Former New York City Council Speaker Christine Quinn labeled Cynthia Nixon an “unqualified lesbian” after the Sex and the City actress announced a primary challenge to Empire State governor Andrew Cuomo.
What makes one an “unqualified lesbian”? Like sanction or cleave, “unqualified” works as its own antonym (or perhaps, to qualify a bit, its own near opposite). Did Quinn mean to call Nixon one unfit for the lesbian label or did she mean to celebrate her as a total, full-blooded lesbian?
“Unqualified” strikes ears and eyes as a confusing qualifier.
Nixon, on the one hand, drifted into the Sapphic passion at midlife and did so after leaving six seasons and two films of convincing DVD evidence of an unabashed enthusiasm for dudes (perhaps she’s just a talented thespian). Maybe this makes her an unqualified, in the imposter sense, lesbian. On the other hand, she married Christine Marinoni, an LGBTQ and education activist who proudly rocks a boys’ regular. Perhaps in marrying an unqualified, as in unmitigated, wholehearted, gold-star, lesbian one trades in the unqualified, as in amateurish, lesbian label for an unqualified, as in absolute, lesbian title.
As it turns out, I fumbled the meaning of Quinn’s criticism. Headlines, like contronyms, tend to trip up our understanding.
“Cynthia Nixon was opposed to having a qualified lesbian become mayor of New York City,” notes Quinn, who lost her race against the Nixon-supported Bill de Blasio. “Now she wants to be an unqualified lesbian to be the governor of New York. You have to be qualified and have experience. She isn’t qualified to be the governor.”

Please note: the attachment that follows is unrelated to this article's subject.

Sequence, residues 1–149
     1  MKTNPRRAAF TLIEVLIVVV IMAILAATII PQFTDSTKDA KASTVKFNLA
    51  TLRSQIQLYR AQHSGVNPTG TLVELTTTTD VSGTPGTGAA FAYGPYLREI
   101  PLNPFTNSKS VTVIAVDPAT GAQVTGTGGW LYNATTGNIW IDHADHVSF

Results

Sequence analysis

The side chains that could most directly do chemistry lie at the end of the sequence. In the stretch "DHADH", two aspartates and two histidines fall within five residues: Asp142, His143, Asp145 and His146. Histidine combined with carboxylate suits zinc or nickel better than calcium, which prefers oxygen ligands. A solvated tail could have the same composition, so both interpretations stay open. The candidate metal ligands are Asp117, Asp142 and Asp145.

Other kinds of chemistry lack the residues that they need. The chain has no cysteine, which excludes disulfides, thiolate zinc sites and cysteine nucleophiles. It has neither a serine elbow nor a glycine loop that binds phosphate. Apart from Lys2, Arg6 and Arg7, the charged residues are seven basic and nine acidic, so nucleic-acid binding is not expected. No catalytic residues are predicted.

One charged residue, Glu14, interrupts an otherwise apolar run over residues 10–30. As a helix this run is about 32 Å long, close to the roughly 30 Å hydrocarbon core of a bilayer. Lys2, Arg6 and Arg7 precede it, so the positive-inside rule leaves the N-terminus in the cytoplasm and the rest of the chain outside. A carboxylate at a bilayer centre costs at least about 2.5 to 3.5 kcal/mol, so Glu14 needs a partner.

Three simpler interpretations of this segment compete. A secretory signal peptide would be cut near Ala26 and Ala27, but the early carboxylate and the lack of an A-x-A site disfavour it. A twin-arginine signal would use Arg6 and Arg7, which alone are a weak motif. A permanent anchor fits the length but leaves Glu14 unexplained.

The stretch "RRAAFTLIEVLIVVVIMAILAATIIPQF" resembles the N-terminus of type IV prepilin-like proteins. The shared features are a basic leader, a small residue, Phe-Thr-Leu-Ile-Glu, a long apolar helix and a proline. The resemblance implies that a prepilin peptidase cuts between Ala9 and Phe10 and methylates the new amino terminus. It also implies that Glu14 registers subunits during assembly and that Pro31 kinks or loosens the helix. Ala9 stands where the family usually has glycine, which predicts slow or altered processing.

So, Quinn seems to impugn Nixon’s credentials as a political candidate. Does she also attempt to undercut her standing among gays and lesbians with the “unqualified lesbian” barb? If so, the plausible deniability working on multiple levels gives it a sort of passive-aggressive genius. The context of the quote clearly targets Nixon’s bona fides as a political candidate. But parsed into a soundbite, as a skilled politician such as Quinn surely knew it would be, the peculiar phrasing raises, even if subconsciously so, Nixon’s late-in-life embrace of same-sex relations. The mere fact that Quinn, a veteran pol in good standing with fellow gays and lesbians, criticized Nixon undercuts her on her home turf. But the insinuation that Nixon makes for a Cool-for-the-Summer, I-Kissed-a-Girl-and-I-Liked It lesbian undercuts it more.
And by the end of Tuesday, Quinn found herself in the unusual position of asking forgiveness for unnecessarily invoking the sexuality of a fellow lesbian. “I do not apologize for saying that Cynthia Nixon is unqualified to be governor, because she is unqualified to be governor,” Quinn told NY1. Perhaps she merely meant this in her initial remarks. But when we choose our words without care (and I’m not sure Quinn did) others will chose their meanings.
Anyhow, Christine Quinn and Cynthia Nixon makes for the kind of girl-on-girl action few care for, particularly Democrats. Cuomo, like his dad, wished for a smooth sail to his third term. Nixon, a complicated woman, complicates this. She possesses no real chance to defeat Cuomo in the primaries. But in forcing the left-wing Democrat further left to fend off her challenge, she may damage him in a general election. Time and place, however, make his defeat unlikely. He is an unqualified liberal, if you know what I mean, and 2018 and New York figure to boost the prospects of unqualified liberals—and unqualified liberals, too.